Cerebellar findings

Cerebellar findings include the following:

  • Gait or limb ataxia
  • Cerebellar dysarthria
  • Cerebellar oculomotor dysfunction - This may include saccadic pursuit movements, gaze-evoked nystagmus, and ocular dysmetria

Cognitive impairment

Although dementia (as a predominant feature) is a criterion for exclusion of multiple system atrophy, studies suggest that some degree of cognitive impairment is common in multiple system atrophy, and particularly so in MSA-P.[16] The extent of impairment varies significantly. When present, deficits include the following:

  • Visuospatial and constructional dysfunction
  • Impaired verbal fluency
  • Dysexecutive syndrome

Additional findings

Additional findings in MSA-P include the following:

  • Dysphagia and/or dysphonia
  • Stridor - Initially, stridor occurs during sleep, but later in the course of the disease it may occur during wakefulness
  • Corticospinal findings - Hyperreflexia or extensor plantar response is often present
  • Raynaud phenomenon, or "cold hands sign" - Cold, dusky, violaceous hands with poor circulatory return after blanching pressure[17]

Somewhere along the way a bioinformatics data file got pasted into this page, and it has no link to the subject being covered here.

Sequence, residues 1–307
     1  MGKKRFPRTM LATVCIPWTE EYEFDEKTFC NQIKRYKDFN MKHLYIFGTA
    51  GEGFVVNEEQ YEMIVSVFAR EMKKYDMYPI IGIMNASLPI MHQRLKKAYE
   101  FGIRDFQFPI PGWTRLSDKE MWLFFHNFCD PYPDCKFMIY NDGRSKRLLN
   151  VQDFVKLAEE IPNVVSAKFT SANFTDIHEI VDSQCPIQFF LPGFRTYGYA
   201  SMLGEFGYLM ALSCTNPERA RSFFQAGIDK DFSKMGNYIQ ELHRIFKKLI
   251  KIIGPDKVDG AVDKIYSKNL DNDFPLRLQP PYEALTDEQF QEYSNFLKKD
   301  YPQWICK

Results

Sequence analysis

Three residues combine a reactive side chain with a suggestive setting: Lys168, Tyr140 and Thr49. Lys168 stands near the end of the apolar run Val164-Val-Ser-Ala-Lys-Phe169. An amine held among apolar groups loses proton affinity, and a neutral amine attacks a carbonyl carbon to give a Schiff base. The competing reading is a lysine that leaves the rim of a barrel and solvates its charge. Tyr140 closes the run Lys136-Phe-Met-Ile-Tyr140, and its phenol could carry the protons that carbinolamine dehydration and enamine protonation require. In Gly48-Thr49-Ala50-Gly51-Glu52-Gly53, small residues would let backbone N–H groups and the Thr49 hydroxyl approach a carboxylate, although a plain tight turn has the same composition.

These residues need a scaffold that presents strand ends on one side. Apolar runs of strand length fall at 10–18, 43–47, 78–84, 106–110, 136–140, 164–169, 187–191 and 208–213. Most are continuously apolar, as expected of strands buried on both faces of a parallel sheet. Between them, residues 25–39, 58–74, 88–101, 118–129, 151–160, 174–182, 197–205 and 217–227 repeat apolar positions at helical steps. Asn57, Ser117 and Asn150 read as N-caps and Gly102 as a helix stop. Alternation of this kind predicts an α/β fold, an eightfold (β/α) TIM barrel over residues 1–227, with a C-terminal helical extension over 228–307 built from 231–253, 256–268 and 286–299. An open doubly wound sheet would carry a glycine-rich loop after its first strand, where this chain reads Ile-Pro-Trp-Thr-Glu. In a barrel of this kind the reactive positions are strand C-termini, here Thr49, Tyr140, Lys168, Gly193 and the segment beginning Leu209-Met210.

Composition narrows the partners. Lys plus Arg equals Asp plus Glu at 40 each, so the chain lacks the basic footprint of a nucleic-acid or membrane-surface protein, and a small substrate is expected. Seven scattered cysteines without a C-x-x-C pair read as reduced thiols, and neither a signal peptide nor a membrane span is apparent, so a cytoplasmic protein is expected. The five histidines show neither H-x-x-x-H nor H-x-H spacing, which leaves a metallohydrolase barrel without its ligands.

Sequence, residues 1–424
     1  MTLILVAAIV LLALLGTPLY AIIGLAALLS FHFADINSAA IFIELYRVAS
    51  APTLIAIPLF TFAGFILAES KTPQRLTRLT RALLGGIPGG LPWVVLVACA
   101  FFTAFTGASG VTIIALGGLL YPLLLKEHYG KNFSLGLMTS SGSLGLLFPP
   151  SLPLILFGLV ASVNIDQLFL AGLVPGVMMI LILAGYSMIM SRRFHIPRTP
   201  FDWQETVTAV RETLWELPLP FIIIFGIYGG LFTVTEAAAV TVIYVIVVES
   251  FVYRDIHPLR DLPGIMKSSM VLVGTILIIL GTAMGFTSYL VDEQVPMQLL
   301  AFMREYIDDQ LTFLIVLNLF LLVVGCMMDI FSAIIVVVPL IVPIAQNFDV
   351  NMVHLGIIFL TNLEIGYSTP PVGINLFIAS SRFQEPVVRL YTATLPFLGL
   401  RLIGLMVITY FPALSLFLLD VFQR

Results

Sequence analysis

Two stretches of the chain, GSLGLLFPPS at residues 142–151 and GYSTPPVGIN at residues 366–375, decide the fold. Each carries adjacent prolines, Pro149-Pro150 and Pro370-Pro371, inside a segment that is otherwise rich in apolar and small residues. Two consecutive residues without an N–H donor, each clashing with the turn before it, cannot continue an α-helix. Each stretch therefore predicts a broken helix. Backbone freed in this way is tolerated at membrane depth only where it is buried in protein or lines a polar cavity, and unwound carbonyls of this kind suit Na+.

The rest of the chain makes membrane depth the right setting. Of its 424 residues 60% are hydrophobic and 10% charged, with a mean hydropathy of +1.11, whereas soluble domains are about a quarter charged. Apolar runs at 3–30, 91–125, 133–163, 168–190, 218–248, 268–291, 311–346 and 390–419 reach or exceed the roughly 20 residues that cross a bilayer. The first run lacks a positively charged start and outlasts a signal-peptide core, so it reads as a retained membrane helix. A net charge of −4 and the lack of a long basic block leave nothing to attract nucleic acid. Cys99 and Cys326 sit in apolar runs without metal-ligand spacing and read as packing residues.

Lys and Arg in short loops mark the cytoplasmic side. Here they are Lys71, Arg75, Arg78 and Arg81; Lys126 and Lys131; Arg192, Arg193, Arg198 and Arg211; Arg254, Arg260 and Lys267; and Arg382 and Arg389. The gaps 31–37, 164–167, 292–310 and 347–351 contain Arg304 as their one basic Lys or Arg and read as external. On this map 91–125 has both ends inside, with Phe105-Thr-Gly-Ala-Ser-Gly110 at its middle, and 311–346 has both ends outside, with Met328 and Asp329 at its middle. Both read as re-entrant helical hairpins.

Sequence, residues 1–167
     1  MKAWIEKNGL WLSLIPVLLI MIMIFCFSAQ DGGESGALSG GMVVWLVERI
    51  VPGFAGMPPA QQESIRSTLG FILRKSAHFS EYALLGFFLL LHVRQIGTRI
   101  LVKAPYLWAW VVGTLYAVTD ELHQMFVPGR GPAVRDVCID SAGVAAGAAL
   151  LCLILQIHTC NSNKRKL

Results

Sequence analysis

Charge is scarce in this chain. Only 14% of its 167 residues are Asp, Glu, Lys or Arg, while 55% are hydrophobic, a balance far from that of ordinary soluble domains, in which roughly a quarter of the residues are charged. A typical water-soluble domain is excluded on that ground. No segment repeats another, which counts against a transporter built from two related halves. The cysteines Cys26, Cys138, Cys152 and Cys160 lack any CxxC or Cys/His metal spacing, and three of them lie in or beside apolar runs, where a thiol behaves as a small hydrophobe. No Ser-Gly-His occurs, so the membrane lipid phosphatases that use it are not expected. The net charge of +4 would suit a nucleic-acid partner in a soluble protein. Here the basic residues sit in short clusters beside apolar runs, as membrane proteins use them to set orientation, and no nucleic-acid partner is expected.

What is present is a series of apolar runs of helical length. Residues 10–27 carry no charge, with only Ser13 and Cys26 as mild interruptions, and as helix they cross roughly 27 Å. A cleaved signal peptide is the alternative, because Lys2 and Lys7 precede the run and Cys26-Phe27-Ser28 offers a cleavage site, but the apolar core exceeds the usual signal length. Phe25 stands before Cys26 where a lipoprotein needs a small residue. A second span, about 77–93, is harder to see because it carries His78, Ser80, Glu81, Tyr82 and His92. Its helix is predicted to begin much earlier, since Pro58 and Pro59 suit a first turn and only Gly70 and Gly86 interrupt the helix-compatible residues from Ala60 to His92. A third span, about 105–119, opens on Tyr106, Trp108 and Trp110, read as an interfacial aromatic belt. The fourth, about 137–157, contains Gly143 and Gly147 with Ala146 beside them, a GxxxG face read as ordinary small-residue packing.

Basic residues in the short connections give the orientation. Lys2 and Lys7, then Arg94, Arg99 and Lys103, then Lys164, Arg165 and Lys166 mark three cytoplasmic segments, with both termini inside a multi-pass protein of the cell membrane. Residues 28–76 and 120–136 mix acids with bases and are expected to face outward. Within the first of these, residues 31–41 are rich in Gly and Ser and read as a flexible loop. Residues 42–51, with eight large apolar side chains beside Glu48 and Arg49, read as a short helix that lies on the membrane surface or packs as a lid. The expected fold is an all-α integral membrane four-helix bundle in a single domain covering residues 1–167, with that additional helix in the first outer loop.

• Affective disorders - Depression, emotional lability

Other etiologies

Features that suggest an etiology other than multiple system atrophy include the following:

  • Classic pill-rolling tremor - Suggests Parkinson disease
  • Significant slowing of vertical saccades or vertical supranuclear gaze palsy - A sign of progressive supranuclear palsy
  • Dementia - Cognitive deficits are sometimes present in multiple system atrophy, but dementia is not a predominant feature
  • Presence of visual hallucinations (not secondary to medication) - Suggests Lewy body disease[15]
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Contributor Information and Disclosures